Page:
In May of 2008 she once again strongly denounced the regime when they inexplicably denied aid to their own people in the aftermath of the devastation caused by Cyclone Nargis. She was successful in finally getting them to accept international assistance.
    • Laura Bush’s current job approval rating is among the most positive Gallup has recorded for a former First Lady. A 2010 CNN/USA Today/Gallup poll found 82% of Americans approving and just 13% disapproving of the job Laura Bush did as First Lady.
    • Laura Bush has not abandoned her interests since leaving the White House. She continues to work on projects related to Afghanistan and Burma. She strongly encouraged her daughter Barbara to leave her job and to become president of the new Global Health Corps which deploys college grads to staff medical clinics around the world. Barbara had earlier worked in Africa with UNICEF and the U.N. World Food Program.
    • “Spoken From the Heart” will also reveal inside struggles within the Bush family. The former President says it was his wife who made him stop drinking in1986, and he also credits her with having a stabilizing effect on his private life. According to People magazine reporter Jane Simms Podesta, “She is the steel in his back. She is a civilizing influence on him. I think she built him, in many ways, into the person he is today.”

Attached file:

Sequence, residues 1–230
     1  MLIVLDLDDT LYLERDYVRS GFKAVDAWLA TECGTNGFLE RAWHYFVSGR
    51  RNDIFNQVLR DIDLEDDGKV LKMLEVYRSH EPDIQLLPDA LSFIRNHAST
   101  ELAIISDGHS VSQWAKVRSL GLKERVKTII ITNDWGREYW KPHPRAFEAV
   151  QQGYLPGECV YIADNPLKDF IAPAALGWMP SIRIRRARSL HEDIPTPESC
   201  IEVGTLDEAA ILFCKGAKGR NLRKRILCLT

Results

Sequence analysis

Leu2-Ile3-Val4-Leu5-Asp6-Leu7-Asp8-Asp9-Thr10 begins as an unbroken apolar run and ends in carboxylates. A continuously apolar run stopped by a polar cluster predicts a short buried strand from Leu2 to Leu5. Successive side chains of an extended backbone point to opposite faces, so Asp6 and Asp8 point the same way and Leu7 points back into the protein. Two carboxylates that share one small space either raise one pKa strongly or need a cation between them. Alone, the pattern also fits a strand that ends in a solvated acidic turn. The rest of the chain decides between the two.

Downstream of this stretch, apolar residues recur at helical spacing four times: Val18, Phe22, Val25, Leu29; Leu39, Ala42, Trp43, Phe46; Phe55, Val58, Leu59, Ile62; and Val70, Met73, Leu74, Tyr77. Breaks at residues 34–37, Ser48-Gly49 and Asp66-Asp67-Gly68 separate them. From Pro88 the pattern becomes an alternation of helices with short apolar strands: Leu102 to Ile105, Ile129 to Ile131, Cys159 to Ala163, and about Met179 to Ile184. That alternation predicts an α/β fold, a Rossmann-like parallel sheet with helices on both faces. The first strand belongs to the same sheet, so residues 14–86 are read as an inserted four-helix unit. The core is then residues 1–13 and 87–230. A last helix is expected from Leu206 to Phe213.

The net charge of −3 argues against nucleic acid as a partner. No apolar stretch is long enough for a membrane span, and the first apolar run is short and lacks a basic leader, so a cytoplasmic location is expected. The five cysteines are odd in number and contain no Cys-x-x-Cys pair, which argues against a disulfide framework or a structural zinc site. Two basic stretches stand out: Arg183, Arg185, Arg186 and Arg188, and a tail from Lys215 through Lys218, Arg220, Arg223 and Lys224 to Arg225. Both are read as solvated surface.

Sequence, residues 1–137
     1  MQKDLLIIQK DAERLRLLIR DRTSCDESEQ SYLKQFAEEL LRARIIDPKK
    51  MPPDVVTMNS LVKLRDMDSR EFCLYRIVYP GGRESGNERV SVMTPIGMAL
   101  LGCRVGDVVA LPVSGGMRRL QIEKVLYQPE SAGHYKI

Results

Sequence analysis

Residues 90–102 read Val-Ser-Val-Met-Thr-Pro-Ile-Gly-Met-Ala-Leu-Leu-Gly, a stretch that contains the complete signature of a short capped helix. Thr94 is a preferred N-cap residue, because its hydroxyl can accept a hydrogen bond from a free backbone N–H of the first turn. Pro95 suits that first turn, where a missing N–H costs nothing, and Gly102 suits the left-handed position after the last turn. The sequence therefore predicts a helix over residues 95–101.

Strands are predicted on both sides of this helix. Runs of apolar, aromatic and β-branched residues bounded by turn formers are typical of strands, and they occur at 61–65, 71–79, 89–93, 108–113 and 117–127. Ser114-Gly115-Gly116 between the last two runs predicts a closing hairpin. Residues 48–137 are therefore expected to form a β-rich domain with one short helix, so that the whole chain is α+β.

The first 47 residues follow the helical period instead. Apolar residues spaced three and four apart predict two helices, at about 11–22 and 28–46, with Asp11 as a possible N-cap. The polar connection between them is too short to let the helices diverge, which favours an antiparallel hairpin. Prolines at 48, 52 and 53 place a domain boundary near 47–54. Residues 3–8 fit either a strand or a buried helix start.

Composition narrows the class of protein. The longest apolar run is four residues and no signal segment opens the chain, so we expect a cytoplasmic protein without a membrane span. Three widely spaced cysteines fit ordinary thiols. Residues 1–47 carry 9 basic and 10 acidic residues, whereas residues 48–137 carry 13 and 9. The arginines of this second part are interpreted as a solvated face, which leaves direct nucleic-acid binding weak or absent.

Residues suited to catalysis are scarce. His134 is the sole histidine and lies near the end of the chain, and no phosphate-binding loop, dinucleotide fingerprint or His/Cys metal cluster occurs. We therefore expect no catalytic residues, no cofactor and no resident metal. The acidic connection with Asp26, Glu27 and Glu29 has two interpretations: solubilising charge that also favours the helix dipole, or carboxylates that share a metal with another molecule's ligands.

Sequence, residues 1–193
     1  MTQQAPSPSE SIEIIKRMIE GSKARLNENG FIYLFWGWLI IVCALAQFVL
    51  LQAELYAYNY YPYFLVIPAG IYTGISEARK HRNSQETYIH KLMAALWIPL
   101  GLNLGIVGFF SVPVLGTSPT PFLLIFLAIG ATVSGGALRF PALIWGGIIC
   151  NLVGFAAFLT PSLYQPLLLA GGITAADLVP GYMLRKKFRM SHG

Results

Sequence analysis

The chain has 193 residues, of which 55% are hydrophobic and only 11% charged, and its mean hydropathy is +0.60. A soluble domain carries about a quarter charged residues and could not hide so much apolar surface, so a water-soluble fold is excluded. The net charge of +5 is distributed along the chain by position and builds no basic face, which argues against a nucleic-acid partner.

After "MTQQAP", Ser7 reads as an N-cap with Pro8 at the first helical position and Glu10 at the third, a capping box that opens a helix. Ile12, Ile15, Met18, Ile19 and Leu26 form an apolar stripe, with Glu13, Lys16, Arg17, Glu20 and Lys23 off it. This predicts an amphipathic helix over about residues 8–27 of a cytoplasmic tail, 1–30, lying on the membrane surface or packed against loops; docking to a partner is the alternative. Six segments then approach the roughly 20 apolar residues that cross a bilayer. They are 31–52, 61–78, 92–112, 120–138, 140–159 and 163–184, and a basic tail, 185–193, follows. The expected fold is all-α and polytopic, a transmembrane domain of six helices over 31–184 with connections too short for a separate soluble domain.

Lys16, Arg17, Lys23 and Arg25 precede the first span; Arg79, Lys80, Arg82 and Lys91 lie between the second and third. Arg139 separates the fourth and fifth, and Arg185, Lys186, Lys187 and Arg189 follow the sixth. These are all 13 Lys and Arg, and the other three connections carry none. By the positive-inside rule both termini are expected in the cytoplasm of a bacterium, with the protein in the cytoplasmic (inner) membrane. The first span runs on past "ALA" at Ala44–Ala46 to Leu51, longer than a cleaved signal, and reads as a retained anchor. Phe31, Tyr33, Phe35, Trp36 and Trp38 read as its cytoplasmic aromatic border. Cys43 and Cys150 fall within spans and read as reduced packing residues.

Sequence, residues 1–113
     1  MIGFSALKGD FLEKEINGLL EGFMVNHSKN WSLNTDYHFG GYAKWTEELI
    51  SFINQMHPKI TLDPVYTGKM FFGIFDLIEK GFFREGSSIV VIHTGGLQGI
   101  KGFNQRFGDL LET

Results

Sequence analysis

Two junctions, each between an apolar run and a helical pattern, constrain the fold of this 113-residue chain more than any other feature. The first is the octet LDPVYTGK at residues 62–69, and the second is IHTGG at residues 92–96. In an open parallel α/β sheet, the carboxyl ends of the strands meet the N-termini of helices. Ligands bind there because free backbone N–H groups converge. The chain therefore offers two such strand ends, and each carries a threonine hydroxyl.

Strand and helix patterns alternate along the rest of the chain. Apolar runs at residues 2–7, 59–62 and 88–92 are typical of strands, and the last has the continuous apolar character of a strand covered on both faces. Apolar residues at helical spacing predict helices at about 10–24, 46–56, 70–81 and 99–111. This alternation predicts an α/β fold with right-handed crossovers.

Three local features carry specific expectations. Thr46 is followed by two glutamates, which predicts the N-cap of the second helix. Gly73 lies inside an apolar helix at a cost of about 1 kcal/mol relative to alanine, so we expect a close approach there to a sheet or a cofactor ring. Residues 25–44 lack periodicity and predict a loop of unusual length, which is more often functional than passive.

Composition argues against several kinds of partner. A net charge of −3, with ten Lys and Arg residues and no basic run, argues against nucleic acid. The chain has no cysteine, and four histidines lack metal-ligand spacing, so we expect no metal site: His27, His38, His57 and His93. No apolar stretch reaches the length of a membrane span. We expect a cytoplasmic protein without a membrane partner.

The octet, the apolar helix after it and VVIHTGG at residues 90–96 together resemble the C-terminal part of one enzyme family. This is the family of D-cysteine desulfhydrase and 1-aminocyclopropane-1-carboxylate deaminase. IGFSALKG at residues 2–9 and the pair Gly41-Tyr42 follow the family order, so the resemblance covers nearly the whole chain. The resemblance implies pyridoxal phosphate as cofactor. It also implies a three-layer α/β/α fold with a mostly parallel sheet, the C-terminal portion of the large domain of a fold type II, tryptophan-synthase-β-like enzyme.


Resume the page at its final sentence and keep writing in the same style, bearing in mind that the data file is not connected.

• When asked about her legacy, Mrs. Bush said, “I hope people will remember me for being an open and caring person but also for standing with women around the world, women’s rights, democracy building and on what every mother wants, which is a good education for her children. Maybe if I have a regret, it’s just that I didn’t do more.”